WMBB has covered the NFWF project outreach in Apalachicola, including several quotations from EGH professor Dr. Andrew Kane. See the two articles below.
Special Report: Edge of Extinction
The oyster industry has been the foundation of Apalachicola’s economy for more than a century. But is that way of life coming to an end? It appears the oyster beds are having a difficult time rebounding from a devastating kill in 2012.
Used to be when someone said the word “Apalachicola”, the next word out of their mouths was “oysters”. The town was so famous for the delicacy, some of the world’s finest restaurants advertised them by name. The oyster industry’s problems actually began 30 years ago, when the city of Atlanta began siphoning water out of Lake Lanier.
“Flow from the Apalachicola river from the basin upstream is lower than it has been historically anyway. Under periods of drought, that flow can be reduced even further, and that leads to very high salinities that can not only be counterproductive for the oyster reefs but can also enhance the presence and numbers of the oyster predators that can also decimate the reefs,” said Andy Kane, UF Assistant Professor of Environmental and Global Health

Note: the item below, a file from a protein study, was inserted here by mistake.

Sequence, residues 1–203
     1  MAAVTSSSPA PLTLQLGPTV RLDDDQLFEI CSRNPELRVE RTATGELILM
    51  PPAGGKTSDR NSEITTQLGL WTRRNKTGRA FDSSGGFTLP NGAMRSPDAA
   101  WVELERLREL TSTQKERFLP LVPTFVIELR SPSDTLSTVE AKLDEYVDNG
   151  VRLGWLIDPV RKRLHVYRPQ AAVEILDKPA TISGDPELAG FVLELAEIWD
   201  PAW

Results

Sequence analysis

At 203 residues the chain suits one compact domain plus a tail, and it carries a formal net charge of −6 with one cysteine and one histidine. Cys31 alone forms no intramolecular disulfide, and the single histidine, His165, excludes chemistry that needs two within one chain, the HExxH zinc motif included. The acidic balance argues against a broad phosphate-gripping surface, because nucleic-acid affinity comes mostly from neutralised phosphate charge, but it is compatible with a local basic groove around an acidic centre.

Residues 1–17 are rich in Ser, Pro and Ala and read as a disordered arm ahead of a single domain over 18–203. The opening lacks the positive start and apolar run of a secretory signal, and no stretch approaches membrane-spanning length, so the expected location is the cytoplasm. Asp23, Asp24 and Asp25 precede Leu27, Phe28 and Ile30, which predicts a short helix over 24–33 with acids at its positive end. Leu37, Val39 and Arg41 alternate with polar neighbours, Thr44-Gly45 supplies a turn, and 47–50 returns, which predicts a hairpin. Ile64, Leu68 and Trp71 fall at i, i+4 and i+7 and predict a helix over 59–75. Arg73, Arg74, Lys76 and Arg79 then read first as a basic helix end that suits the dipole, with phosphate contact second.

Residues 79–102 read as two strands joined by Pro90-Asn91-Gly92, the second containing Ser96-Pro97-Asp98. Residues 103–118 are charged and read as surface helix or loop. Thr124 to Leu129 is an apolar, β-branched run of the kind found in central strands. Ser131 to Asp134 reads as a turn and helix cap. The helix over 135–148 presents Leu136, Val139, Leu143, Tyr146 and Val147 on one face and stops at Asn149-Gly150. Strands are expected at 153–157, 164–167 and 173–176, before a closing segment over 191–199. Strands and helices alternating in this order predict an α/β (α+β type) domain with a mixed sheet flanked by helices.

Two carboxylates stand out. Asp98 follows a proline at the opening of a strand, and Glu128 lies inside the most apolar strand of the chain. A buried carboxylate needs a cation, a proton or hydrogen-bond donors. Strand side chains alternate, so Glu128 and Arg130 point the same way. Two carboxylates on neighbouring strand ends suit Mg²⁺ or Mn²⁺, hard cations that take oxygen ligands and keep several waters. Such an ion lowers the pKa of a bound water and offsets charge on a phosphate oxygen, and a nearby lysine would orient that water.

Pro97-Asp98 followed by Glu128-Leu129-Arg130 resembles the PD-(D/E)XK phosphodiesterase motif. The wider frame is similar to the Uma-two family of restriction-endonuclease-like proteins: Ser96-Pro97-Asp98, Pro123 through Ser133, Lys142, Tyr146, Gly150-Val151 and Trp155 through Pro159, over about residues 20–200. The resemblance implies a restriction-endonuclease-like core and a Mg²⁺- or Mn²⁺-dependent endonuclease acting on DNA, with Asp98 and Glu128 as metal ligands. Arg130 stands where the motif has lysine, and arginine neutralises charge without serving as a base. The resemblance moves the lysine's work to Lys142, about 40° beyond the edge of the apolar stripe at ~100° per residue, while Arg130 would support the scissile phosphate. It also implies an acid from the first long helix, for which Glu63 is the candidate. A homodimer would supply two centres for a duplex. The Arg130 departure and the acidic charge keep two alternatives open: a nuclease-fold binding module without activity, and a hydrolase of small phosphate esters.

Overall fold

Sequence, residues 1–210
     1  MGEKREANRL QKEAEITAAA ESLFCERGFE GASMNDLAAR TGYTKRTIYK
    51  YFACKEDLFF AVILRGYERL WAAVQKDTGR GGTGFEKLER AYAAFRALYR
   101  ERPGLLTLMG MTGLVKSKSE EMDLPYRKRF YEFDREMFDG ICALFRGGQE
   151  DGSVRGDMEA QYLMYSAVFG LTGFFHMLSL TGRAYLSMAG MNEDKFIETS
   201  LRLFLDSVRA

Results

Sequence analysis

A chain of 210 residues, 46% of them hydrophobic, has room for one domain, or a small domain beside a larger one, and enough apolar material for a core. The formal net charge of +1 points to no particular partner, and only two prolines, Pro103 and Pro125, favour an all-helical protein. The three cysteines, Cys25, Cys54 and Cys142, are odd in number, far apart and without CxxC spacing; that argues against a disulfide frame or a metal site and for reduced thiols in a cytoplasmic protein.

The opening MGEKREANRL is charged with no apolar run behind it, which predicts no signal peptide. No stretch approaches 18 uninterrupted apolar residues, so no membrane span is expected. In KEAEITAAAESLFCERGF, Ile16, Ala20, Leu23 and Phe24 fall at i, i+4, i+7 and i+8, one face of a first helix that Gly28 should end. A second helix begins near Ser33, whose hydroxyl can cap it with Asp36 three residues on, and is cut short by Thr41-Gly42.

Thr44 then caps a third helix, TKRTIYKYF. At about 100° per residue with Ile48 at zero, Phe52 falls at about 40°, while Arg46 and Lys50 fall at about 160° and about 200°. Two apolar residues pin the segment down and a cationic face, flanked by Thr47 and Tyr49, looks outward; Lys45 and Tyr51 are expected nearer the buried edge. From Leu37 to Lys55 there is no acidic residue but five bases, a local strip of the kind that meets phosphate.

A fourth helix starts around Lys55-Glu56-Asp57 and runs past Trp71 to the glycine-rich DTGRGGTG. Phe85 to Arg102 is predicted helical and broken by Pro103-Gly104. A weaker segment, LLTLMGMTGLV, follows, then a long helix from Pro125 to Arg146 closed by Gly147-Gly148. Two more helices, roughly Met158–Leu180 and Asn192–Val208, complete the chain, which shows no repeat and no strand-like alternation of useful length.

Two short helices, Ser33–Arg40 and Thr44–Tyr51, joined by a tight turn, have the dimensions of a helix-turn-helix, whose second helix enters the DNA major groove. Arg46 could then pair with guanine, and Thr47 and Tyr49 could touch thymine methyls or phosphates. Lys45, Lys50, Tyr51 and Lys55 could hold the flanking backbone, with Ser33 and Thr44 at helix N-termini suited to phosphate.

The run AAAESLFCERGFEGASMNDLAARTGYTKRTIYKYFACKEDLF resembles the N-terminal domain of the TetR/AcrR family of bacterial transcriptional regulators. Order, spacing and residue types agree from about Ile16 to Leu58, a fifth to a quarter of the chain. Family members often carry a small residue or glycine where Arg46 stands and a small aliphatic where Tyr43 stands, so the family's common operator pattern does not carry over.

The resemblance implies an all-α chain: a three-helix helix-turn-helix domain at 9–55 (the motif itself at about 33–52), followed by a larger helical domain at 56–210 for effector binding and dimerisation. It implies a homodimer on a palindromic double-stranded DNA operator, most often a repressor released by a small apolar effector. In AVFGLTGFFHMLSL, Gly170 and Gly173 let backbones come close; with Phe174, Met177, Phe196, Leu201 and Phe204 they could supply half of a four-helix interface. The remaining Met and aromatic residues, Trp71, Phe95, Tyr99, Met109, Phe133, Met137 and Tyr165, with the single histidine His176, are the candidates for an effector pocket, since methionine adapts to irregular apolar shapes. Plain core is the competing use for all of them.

Read the full article at mypanhandle.com
Oyster Restoration Research Project Underway in Apalachicola Bay
Researchers from the University of Florida along with the Florida Fish and Wildlife Commission are in year two of a five year Oyster Restoration Research Project in the city of Apalachicola. Officials and researchers gave an update Tuesday on the progress of the study. The project looks at the oyster health, productivity, reef structure, and water quality of the oyster industry in Apalachicola. About 50 people showed up to the twice yearly meeting to hear what scientists and researchers had to say about the results of the study.
Officials talked about the three different areas of the bay they are focusing on. They say they have seen healthy oyster results so far in some project areas, but plan to continue monitoring the beds to learn more. Associate Professor of Environmental and Global Health at the University of Florida, Andy Kane, says moving forward they the hope the study will make a long term difference in the Apalachicola Bay.
“The goal of the study is to try to optimize management strategies to be able to support productivity in Apalachicola Bay including it’s oyster fishery,” said Kane.
The project is being funded through the National Fish and Wildlife Foundation.
For the full article and video, click here.